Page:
Nov. 16, 2018



Timely Playmaking

OK. Let me set the stage for this contest… Here were the underwhelming Wildcats coming into a very hostile and frigid Kinnick Stadium to lock horns with their locker room rival Io_a HogEyes harboring their somewhat wishful hopes at maintaining their prospects to earn a seat at the B1G Conference Championship banquet table as West Division representative still within reach.  When one considers how verifiably distant those prospects were after the ‘Cats’ had bumbled and stumbled their way to an utterly woeful 1-3 record over the first third of their 2018 gridiron campaign, the fact that these hopes were still alive and viable in the hearts & minds of the NU football team and their faithful supporters heading into this, their 10th game of the season, clinging to a 5-1 conference record, was nothing short of miraculous.  No way in the world would anyone claiming to possess even a modicum of the common sense that Providence had given him/her at birth would have given the Wildcats a snowball’s chance in hell of still competing for a West Division title at this advanced stage of their current season considering that 1-3 start; but then again, here the ‘Cats stood, with their dreams of capturing that coveted Divisional Championship still intact, eager and anxious to prove that they deserved that honored table reservation.

How the ‘Cats Wrestled a “W” from the HogEyes

Outstanding D
Any casual observer of this fall’s version of the Wildcats will come to the irrefutable conclusion that the No. 1 strength of the team is their defense.  And that strength never had been put to the test more than it had facing the Io_a offense last Saturday, despite the HogEyes having dropped their last 2 consecutive B1G games, both of which were on-the-road, tooth & nail, high-scoring “Ls” against State Penn (30-24) and Perdue (38-36).   In fact, the pervasive opinion among the most reputed collegiate football pundits, prognosticators and “informed” media talking heads was that DC Doc Hankwitz’ defensive ‘Cats were little more than paper tigers and primed to lay an egg, especially since the HogEye O was rounding into form and scoring with consistent regularity, averaging 34 points over their last 5 contests.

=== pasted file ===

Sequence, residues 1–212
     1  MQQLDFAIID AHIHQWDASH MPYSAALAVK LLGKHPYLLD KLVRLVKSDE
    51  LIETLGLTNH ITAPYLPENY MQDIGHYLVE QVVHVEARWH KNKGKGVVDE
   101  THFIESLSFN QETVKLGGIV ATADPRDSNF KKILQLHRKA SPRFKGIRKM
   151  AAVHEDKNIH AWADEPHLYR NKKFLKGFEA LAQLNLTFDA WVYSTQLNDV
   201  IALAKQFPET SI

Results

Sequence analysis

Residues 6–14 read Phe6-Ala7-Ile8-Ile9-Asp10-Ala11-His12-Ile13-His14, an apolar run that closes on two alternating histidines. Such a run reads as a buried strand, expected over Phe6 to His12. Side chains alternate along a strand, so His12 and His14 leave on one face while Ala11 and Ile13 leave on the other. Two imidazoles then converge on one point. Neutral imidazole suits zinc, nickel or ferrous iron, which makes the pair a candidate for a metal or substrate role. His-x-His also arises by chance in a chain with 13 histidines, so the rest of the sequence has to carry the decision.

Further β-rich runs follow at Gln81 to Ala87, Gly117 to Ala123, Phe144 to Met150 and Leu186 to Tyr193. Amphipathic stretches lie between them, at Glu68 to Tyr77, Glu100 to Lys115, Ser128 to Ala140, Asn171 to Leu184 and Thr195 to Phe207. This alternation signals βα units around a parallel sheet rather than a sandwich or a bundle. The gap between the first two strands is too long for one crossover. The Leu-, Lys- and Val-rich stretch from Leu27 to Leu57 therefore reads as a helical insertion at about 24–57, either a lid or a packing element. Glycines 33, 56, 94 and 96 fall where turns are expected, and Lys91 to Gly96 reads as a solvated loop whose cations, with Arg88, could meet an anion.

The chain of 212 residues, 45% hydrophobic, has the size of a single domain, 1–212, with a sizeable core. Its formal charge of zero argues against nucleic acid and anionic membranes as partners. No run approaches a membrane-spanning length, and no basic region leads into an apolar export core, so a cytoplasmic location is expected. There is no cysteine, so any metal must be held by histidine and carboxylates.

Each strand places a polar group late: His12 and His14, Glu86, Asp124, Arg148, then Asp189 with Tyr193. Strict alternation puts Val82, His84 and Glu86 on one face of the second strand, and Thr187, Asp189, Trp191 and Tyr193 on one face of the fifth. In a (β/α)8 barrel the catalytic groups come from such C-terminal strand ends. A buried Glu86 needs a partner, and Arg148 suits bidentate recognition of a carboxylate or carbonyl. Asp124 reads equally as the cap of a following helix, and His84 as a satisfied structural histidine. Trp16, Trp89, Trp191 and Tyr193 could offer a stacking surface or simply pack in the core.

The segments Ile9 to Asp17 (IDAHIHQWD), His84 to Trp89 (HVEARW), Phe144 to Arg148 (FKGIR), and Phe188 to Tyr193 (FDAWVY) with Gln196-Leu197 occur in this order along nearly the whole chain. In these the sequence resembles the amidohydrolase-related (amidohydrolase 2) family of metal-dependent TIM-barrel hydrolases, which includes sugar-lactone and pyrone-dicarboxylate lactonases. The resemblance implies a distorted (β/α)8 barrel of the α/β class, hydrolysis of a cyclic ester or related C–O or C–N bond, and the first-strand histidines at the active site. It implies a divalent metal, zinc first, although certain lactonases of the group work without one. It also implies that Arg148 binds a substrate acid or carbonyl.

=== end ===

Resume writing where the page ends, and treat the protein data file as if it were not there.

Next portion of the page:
Per usual, in the week leading up to last Saturday’s brawl, Io_a HC “Captain Kirk” Ferentz had his corn-fed offensive conscripts physically pumped-up and emotionally charged to dominate the incoming ‘Cats and dash the visiting team’s dreams of tightening their tentative grip as the B1G West Division’s frontrunner.  This attitude of projected offensive dominance was bolstered by several strategic pre-game advantages –

●    The Wildcat secondary had been bitten hard by the injury bug over the last several games with 3 of Doc’s 4 starting DBs sidelined and declared PUP (Physically Unable to Perform) – both starting Safeties and a CB.  The roster replacements for these MIA DBs consist of 2 lightly used upper classmen and a true Frosh.
●    These 3 “next man up” DBs were slated to face an experienced HogEye passing attack that featured 3-year starting Junior QB Nate Stanley throwing darts to one of the best TE tandems within the B1G in Noah Fant and T.J Hockenson, who, thus far in 2018, have accounted for 980 total receiving yards & 10 TDs, many of which were red zone receptions.  If Stanley finds his passing rhythm, especially employing easy pitch-n-catch tosses to his NFL-ready dynamic TE duo, a 200 yard passing yardage production day is a viable possibility.
●    The HogEye O had been among the most efficient of all Division 1A teams in regards of “moving those chains” on 3rd down situations, converting 50% or more of these scenarios for 1st downs across 5 of their last 6 games.
●    The Io_a offense prided itself on winning the time-of-possession sweepstakes, holding the bean for 34-plus minutes on average across all games played in 2018 – 7th best TOP among Division 1A teams.  Combined with an up-tempo field play style, intended to wear down an opponent’s D over the course of a game, time-consuming offensive possessions which ultimately end in scoreboard points are a trademark of “Captain Kirk” and his HogEye O.

Needless to say, Doc and his defensive brain trust were extremely familiar with these salient advantage points, so they game-planned specifically to neutralize them.  Did they ever!